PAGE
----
Church meant the Church of God In Christ, Reverend Archie Fair pastor. This denomination is known as "Pentecostal" or "Sanctified." The Sanctified Church is known for its spirited worship, which includes music, singing, shouting, dancing, and speaking in tongues; worshipers may enter a trance or even faint during services. Reverend Archie was part of Riley's extended family. Archie's wife and the wife of Riley's uncle, William Pullian, were sisters.
Archie Fair played a guitar at church and after Sunday services he would visit his sister-in-law at Riley's uncle's, guitar in hand. He would set it down on a bed during his visit. It was there, on a bed, in a sharecropper's cabin on the Henderson farm, that Riley met his first guitar-and fell in love.
Fair showed young Riley the three basic chords of gospel, which were also the foundation of the blues. Every Sunday at the Pullian cabin Riley got to play Archie's guitar and when he got those chords down well enough to play with singers, Archie let him play in church.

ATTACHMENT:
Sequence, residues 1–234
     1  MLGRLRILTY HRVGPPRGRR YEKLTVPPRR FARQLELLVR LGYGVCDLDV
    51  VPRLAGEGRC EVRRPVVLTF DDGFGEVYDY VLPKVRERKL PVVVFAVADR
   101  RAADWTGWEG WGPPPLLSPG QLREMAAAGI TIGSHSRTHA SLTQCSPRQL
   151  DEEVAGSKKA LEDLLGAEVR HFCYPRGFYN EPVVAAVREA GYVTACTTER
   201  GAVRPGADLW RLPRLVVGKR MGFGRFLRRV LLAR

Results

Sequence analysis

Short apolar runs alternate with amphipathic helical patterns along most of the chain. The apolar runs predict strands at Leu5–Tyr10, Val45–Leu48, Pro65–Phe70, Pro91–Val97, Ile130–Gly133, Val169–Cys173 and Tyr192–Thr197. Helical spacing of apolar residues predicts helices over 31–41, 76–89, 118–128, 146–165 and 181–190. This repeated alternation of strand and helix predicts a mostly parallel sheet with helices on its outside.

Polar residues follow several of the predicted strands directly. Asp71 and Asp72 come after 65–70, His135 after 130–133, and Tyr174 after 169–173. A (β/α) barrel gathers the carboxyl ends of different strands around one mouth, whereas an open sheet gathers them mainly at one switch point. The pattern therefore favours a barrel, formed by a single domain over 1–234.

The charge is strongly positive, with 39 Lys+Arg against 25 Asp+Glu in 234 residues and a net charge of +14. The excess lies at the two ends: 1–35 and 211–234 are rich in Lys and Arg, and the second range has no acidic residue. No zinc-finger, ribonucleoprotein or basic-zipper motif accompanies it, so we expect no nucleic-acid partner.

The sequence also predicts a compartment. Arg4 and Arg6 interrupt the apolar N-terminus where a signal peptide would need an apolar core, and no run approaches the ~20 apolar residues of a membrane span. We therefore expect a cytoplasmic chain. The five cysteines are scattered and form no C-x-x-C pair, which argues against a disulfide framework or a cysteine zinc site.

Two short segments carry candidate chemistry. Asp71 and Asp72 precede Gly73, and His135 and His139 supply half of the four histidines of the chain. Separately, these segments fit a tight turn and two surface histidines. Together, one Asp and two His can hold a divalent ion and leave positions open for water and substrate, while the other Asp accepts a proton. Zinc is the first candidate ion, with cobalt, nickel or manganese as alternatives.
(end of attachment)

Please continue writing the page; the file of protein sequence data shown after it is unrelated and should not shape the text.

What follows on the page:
Much has been written about the connection between gospel and blues, about how they are just different sides of the same coin. It's obvious that the two forms are structurally similar, and also that both played a similar role in sustaining life in African American communities during those times. What is not often mentioned is the parallel in the dynamics of performance between preacher and congregation on the one hand, and blues performer and juke-joint audience on the other.
In the Sanctified Church the preacher led the community of the faithful in cycles of rising and falling tension, each cycle achieving a little greater high than the last. The preacher and his flock went far beyond simple call and response. It was shout and holler, yell and be saved, stand and deliver, be a witness for the Lord.